onsdag den 16. juli 2008

Spatial “Habits of Mind” In Practice, Part I: A Day in the Life of A Spatial Thinker

Spatial tankegang. Vi gør det hele tiden, vi tænker over det, men sjældent bliver det visuelt andet end inde i hovedet. GIS som moduleringværktøj ville kunne vise os det vi tænker i nye sammenhænge og hjælpe os med at agere 'GISuelt'. 80% af al information har en spatial reference, med andre ord har størstedelen af de ting vi omgiver os med, de ting vi snakker om, de ting vi tænker på en spatial reference og dermed et GIS mæssigt apsekt. Og så er der nogen der mener at de resterende 20% er blot information man har glemt i denne sammenhæng ;-)

Spatial thinking. We do it all the time. We think it but visually it rarely leave the inside of our heads. GIS as a modulation tool will enable us to see what we think in new contexts and will help us to act 'GISually'. 80% of all information has a spatial reference. In other words most of all the things around us (including yourself) and what we talk / think about could be spatially referenced - could be made into GIS. Some say that the remaining 20% is just information we forget in the first place.


Spatial “Habits of Mind” In Practice, Part I: A Day in the Life of A Spatial Thinker

In previous blog entries, I considered the importance of spatial thinking in education and in society, reasons for the recent increase in attention to it, and how we might conceptualize spatial thinking. According to the Learning To Think Spatially report from the National Research Council, spatially literate people need to have the “habit of mind” of knowing where, when, how, and why to think spatially. In this and the following blog, let’s explore how these habits of mind might manifest themselves in 15 different ways in a typical day in the life of a spatial thinker.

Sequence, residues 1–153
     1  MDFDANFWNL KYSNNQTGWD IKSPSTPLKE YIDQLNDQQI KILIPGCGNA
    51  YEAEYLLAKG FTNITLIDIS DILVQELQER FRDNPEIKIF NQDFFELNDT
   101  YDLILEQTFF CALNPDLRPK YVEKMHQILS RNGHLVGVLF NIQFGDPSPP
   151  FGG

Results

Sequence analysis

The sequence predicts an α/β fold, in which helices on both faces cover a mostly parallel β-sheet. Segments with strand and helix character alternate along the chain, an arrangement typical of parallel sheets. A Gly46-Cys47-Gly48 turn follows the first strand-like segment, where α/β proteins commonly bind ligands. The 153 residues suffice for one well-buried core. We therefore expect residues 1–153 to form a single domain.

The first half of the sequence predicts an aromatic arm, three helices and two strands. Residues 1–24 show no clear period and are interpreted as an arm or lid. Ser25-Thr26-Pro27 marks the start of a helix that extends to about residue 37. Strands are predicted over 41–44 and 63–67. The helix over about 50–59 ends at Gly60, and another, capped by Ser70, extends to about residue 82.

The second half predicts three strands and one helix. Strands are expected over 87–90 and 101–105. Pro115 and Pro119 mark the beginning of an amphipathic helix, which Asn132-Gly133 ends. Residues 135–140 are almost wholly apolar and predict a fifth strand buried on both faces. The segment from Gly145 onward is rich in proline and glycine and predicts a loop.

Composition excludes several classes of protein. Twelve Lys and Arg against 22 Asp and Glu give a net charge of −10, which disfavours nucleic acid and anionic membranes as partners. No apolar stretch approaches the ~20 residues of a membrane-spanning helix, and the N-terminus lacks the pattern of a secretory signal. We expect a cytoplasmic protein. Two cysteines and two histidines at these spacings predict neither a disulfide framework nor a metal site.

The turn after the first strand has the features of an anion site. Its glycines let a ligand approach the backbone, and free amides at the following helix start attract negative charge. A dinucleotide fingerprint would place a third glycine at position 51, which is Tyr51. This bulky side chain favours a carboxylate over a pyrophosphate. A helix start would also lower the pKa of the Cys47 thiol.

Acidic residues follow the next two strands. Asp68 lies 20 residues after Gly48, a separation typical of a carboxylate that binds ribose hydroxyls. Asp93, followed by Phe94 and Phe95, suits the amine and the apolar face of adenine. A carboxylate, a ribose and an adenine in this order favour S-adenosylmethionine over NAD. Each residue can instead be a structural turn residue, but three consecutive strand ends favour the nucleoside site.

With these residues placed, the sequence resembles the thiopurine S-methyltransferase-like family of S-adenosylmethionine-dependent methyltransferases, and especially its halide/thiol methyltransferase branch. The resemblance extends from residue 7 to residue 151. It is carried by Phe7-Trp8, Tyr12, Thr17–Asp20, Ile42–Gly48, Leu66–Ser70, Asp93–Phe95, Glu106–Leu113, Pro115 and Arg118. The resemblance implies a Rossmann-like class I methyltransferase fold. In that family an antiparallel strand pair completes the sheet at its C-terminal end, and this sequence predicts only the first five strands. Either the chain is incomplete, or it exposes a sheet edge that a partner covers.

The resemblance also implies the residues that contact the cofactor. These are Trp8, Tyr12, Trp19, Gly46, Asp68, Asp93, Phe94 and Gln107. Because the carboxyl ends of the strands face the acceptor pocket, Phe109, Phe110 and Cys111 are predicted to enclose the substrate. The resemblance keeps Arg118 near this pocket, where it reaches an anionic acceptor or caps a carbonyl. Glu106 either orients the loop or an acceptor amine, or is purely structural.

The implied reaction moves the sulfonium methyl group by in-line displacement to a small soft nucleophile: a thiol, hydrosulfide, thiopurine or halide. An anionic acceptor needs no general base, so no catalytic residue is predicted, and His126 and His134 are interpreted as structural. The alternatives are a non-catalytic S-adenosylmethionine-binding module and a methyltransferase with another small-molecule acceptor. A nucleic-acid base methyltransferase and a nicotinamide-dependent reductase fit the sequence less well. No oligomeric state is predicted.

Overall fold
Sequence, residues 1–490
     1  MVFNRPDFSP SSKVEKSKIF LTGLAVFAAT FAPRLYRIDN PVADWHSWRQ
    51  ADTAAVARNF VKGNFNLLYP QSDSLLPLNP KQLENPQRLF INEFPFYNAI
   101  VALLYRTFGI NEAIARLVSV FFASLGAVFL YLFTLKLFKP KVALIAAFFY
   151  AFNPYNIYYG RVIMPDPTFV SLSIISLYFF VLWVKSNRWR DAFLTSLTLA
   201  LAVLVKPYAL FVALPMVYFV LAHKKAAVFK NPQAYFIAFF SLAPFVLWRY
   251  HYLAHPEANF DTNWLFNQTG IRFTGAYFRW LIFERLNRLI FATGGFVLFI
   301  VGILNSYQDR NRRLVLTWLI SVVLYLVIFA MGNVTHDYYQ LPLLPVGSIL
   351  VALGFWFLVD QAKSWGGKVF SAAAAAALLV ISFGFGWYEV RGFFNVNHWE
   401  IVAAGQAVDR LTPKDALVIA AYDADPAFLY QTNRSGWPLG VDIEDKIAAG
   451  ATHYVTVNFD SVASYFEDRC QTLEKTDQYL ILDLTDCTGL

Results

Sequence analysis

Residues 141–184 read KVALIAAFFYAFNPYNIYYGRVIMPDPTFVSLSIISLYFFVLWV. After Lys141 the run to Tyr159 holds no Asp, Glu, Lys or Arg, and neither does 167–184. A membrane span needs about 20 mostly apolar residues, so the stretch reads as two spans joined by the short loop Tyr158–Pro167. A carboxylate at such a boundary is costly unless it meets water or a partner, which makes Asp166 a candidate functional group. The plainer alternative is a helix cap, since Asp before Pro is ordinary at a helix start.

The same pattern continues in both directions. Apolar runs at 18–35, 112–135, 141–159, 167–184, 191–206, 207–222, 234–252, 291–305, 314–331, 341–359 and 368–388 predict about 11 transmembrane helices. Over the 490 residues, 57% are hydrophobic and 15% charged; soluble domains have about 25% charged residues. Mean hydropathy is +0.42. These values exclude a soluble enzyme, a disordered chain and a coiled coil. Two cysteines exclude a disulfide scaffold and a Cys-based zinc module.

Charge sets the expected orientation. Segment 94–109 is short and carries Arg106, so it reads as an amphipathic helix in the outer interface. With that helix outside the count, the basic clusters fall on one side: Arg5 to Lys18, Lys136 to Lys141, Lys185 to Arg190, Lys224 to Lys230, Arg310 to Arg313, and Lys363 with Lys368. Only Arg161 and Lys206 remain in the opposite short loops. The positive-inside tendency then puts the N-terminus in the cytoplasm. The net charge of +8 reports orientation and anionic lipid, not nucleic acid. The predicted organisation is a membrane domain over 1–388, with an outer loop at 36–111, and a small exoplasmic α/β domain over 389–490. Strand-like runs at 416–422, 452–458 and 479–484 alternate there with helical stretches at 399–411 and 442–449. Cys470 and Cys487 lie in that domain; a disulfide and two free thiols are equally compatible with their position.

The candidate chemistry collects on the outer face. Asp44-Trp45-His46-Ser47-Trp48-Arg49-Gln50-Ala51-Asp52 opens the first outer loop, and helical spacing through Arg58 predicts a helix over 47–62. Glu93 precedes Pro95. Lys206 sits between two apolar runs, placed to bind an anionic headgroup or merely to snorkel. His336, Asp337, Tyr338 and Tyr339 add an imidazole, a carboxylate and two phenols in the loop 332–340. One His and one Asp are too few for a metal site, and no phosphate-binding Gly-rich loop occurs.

Let’s say your day will include a flight on a commercial airline. [1] You board an airport shuttle that picks you up at your home, and are faced with a spatial task: You must arrange your luggage so that it at the same time conserves space but also allows you to easily pull it out once you arrive at the airport. You also have to take note of its appearance and location relative to the luggage from the other shuttle passengers. Once underway, you drive past a street that is adjoined by many used car lots, apartment buildings that look like they were formerly old motels, and gas stations. [2] Because of this type of land use, you hypothesize that the street was, before the advent of limited access freeways, the main route into your city during the middle decades of the 20th Century. [3] Once on a freeway near the airport, you pass a rest area and wonder how long the typical person spends there, what the typical walking route would be from parking lot to rest area buildings, and what the influence of a visitors center inside the rest area and traveling with a dog might have on the time spent and the route taken by each visitor.

- Joseph Kerski, ESRI Education Manager

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